Combining St. John's Wort And 5-HTP: Potential Risks And Advantages

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Combining St. John's Wort And 5-HTP

St. John's Wort and 5-HTP have been shown, in some cases, to hold potential in treating mild to moderate depressive symptoms. Taking these substances together may seem like a good idea, but there are several factors to consider before combining the two.

According to the World Health Organisation, 350 million people worldwide suffer from depression, which is classified as a leading cause of disease. Depression is a condition associated with feelings of despair and pessimism, sometimes accompanied by self-loathing and a poor view of oneself.

Defining characteristics of the condition include lack of interest in normal activities, loss of energy, recurrent thoughts about death and suicide, poor sleeping patterns and decreased appetite.

In attempt to reduce the symptoms of depression, many people are prescribed antidepressant drugs. Although these medications may help some individuals mediate their symptoms, they also pose significant side effects, such as weight gain, nausea, insomnia, fatigue, erectile dysfunction and more.

In contrast, there are more natural options available including the herb St. John’s Wort and the substance 5-HTP. Both of these potential treatments have displayed effectiveness in elevating mood and may even work well when combined together, although there are precautions to consider before doing so.


Causes Of Depression

There appear to be many different variables that contribute to a depressed state, making it likely that the condition is not the result of a single cause or trigger. One of the main psychological theories behind depressive states is known as the “learned helplessness model.”

This was founded by psychologist Martin Seligman in 1965 upon studying the reaction of dogs to stressful and painful situations. Seligman's theory suggests that people with depression have learned to be helpless and that they believe themselves to have little to no control over their external environments.


On the other hand, the highly regarded physiological theory known as the “monoamine hypothesis” locates the cause of some cases of depression to an imbalance in brain chemistry, with low levels of neurotransmitters like serotonin.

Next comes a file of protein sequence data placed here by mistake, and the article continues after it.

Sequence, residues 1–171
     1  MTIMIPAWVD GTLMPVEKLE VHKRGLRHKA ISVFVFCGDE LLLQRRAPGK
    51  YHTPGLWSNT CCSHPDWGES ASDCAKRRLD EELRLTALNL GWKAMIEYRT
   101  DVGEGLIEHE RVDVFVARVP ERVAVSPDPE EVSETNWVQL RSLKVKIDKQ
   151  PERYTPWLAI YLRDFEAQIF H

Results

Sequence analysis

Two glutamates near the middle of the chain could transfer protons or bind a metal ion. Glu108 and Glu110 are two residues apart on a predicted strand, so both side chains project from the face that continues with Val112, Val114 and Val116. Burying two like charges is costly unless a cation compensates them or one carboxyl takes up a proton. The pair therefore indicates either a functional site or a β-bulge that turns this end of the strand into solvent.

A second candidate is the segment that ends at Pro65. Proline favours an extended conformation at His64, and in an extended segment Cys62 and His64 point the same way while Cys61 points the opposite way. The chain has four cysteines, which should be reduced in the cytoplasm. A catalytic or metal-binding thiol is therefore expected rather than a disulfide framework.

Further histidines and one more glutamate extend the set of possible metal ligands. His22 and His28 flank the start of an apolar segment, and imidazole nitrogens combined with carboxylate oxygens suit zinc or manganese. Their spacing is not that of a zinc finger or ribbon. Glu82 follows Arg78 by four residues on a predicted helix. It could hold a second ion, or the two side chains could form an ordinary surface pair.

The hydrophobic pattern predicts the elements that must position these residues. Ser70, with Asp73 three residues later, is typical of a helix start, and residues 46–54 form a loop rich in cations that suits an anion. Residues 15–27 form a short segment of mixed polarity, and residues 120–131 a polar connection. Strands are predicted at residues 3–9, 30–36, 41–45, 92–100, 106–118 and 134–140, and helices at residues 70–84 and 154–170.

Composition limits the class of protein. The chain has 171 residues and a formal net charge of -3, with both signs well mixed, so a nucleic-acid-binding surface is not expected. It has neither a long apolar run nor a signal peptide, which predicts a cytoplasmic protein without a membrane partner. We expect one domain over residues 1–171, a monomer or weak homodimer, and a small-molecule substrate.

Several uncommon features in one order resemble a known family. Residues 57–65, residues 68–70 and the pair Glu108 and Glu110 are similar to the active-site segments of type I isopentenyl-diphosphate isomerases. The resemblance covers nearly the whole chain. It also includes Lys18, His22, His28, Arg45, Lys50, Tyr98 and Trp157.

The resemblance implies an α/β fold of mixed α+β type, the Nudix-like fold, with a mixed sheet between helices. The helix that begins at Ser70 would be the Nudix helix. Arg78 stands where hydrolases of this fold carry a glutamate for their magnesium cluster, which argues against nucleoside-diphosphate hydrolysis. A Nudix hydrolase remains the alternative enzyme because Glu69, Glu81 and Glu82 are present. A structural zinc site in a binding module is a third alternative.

Additionally, nutritional imbalances resulting in impaired biological function may also contribute to states of depression and other mental disorders. Deficiencies in B vitamins and fatty acids are often linked to such conditions.

Now that we have explored some of the mechanisms of depression, let's look a bit deeper into the roles St. John’s Wort and 5-HTP can play in treating its symptoms. We will analyse the effects of these potential remedies separately, then observe how they can work in concert to encourage even greater outcomes.


St. John's Wort

St. John’s Wort, Hypericum perforatum, is reported as a natural method to elevate mood and may, therefore, hold potential in the treatment of depression symptoms. The plant is said to offer a course of effects similar to that of antidepressants, but the evidence is still inconclusive at present.

Research regarding the plant's use in treating depression is contrasting, with some evidence suggesting that St. John’s Wort is actually more beneficial as a placebo. A paper entitled “St. John’s wort for depression - an overview and meta-analysis of randomised clinical trials” published in the British Medical Journal set out to investigate whether or not St. John’s wort is more effective than placebo in the treatment of depression.

Results of the study found St. John’s Wort to be somewhat effective in treating depression and actually outperformed placebo in some cases. The authors of the paper concluded that “There is evidence that extracts of hypericum are more effective than placebo for the treatment of mild to moderately severe disorders.”